But there are other profound drawbacks to an Israeli attack and corresponding advantages to an American offensive. An Israeli attack would rally the Arab and Muslim world behind Iran, strengthen radical Islamists, neutralize potentially sympathetic countries as Saudi Arabia and further distance Turkey from Israel and the West. The U.S. would have no choice but to support Israel, even though such support would inflame animosity toward Washington throughout the Muslim world. An American attack, on the other hand, would restore Washington’s stature and power of deterrence in the Arab world, could unite most of the Sunni monarchies and oil Sheikdoms in tacit assistance, at the very least, for the military effort, could facilitate Turkish neutrality and enable European support, and would sideline the incendiary issue of Israel, just as it did when Jerusalem maintained a “low profile” during the first two Gulf wars. It might also decrease the intensity of a combined Iranian-Hamas-Hezbollah and possibly Syrian counterattack against Israel, and would, in any case, free Israel to defend itself and to effectively deal with such an onslaught.
And yes, though hardly devoid of risks, it might very well ensure Barack Obama’s reelection next November.
3. To be sure, despite Republican protestations to the contrary, American voters are ambivalent about a U.S. attack on Iran. In a recent Quinnipiac University Survey, 55 per cent of voters said the U.S. should not take military action against Iran – but 50 per cent would nonetheless support it, if all else fails. And 88 per cent believe that a nuclear Iran posed a serious threat or a somewhat serious threat to American national security.
In the end, it would all come down to timing. The closer to elections that an American attack on Iran would take place, the more it would work in Obama’s favor. Though his left wing flank and possibly large chunks of the Democratic Party would not differentiate between Iraq and Iran, would draw historic parallels with the Bush Administration’s bogus evidence of Iraq’s WMD capabilities and would vehemently criticize Obama for “betraying his principles” - Obama would probably sway most independents and even moderate Republicans who would be swept up in the initial, patriotic wave of support for a campaign against a country that the Republican candidates for the presidency have described as America’s number one enemy. And Obama could point out to the American public that contrary to Iraq, no ground troops would be involved in Iran.
A significantly earlier attack, however, would be far riskier. The initial patriotic fervor might dissipate and the wider ramifications would begin to sink in, including potential Iranian retaliation against American targets, and, perhaps more significantly, the disruption of oil supplies, an unprecedented spike in oil prices and an ensuing and crippling blow to U.S. economic recovery.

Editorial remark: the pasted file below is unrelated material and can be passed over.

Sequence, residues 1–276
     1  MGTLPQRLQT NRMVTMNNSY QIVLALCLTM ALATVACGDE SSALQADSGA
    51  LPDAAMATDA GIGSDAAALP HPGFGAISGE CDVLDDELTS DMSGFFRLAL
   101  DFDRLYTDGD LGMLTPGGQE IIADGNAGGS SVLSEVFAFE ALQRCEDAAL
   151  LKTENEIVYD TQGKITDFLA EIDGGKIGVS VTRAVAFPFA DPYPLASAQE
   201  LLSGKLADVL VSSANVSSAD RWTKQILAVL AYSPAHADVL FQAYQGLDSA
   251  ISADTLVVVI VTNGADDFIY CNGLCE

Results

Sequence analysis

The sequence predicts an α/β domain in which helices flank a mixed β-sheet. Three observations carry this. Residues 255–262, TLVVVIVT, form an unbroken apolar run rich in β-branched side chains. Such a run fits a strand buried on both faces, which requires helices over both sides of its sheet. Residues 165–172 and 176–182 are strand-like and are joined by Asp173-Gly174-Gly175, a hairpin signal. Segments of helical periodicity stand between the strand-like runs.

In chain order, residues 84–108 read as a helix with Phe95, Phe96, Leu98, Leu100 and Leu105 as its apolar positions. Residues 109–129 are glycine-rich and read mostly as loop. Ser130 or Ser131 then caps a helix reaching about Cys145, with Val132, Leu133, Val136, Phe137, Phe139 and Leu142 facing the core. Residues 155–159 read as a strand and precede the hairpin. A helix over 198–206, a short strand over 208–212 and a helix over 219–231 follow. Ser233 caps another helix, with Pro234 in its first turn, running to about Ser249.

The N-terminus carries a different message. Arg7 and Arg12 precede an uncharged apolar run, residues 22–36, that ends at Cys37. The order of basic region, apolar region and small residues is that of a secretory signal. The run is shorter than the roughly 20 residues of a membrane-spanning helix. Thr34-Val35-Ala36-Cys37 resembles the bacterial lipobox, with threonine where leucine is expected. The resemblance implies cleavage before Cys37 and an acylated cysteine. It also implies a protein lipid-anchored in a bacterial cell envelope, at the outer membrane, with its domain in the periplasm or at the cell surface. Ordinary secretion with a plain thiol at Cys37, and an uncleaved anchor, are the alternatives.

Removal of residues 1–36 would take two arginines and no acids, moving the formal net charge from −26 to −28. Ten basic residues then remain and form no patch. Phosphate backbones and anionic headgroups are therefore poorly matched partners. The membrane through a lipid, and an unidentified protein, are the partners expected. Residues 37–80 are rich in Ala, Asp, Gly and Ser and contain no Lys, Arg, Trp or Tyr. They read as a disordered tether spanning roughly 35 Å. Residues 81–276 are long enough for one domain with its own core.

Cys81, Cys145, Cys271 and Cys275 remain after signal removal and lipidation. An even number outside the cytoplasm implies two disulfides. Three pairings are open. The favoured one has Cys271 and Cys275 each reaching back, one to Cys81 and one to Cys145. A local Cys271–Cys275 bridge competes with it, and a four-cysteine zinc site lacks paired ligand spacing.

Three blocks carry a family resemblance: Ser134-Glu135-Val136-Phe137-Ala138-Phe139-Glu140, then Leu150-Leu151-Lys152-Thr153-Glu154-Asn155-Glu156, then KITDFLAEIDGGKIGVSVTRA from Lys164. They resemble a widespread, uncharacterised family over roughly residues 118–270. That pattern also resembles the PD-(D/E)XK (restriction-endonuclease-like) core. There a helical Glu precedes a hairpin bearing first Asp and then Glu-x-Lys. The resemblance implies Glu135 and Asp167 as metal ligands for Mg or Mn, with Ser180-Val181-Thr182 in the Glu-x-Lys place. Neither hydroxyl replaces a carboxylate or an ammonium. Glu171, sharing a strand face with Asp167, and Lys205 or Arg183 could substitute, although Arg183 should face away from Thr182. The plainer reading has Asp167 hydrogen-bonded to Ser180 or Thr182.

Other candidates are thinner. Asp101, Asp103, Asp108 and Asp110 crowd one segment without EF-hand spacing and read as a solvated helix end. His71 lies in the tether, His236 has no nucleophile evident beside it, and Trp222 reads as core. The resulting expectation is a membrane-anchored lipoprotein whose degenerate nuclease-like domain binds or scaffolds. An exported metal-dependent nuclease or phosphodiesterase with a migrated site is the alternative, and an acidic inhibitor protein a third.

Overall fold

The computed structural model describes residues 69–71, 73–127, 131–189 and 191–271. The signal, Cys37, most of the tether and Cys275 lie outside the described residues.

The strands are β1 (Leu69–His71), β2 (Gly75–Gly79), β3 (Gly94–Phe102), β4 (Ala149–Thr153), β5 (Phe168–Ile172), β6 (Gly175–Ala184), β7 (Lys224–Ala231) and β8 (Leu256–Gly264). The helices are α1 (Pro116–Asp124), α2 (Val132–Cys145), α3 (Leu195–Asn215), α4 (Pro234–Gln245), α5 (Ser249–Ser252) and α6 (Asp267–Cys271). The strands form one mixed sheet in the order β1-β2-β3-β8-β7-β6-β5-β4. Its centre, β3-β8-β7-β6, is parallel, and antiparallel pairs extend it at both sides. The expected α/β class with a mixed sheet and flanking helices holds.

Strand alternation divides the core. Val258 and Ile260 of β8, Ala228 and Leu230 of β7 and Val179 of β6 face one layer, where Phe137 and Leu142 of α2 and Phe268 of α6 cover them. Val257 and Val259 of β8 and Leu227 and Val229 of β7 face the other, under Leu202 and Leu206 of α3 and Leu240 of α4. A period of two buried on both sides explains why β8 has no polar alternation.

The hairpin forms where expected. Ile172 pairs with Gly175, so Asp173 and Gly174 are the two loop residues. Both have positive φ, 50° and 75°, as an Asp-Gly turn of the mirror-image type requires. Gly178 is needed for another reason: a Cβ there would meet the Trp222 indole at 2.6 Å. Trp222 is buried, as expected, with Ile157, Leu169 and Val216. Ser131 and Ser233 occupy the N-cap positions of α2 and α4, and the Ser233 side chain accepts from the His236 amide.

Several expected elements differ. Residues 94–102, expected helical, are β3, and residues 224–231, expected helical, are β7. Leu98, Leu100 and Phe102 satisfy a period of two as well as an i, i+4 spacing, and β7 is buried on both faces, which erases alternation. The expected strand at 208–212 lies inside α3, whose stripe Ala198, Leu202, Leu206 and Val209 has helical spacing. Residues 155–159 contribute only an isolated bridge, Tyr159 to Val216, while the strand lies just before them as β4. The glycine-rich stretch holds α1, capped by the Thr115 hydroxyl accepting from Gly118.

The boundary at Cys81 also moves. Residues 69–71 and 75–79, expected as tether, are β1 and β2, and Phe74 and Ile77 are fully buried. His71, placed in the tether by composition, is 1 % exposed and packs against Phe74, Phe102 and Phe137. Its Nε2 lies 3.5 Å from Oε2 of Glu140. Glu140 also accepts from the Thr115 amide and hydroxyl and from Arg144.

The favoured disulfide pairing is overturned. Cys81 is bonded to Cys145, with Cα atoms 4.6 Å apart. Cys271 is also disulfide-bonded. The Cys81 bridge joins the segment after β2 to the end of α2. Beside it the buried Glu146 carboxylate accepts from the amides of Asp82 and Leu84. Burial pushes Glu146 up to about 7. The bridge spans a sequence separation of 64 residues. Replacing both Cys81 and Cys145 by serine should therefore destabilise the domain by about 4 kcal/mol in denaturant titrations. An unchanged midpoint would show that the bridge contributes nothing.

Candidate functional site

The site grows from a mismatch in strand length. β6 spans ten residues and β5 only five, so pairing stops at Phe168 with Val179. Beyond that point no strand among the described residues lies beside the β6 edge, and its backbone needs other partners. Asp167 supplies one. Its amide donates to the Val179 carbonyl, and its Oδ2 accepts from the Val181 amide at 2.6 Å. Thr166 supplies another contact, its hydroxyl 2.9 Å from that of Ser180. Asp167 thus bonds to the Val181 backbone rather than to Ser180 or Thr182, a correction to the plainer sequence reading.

If one wants to be absolutely cynical, perhaps Panetta’s one-year deadline was intentionally calibrated with this election timeline. Though there is no basis to suspect Obama of making political calculations, and without detracting from what is sure to be a serious American effort to get sanctions and possibly regime change to do the trick – October would be ideal. That’s the month that Henry Kissinger chose in 1972 to prematurely declare that “peace is at hand” in Vietnam, thus turning Richard Nixon’s certain victory over George McGovern into a landslide; that’s the month that Ronald Reagan feared Jimmy Carter would use in 1980 in order to free the Iran hostages and stop the Republican momentum; and that’s the month that many of Obama’s opponents are already jittery about, fearing the proverbial “October Surprise” that would hand Obama his second term on a platter.
Two things are certain: the Republicans, who are now goading Obama for being soft on Iran and beating their own war drums, would reverse course in mid air with nary a blink and accuse the president of playing politics with American lives and needlessly embroiling it in a war which probably could have been avoided if he had been tough on Iran in the first place.
And what about the Jewish vote? That would be Obama’s, lock, stock and barrel, including those Jewish voters who cannot forgive him for the Cairo speech, the bow to King Abdullah, the 1967 borders, the lack of chemistry with Netanyahu and that the fact that he has yet to produce evidence that he isn’t, after all, a closet Muslim.
And in Israel, no doubt about it, he would be forever revered as the ultimate Righteous Gentile.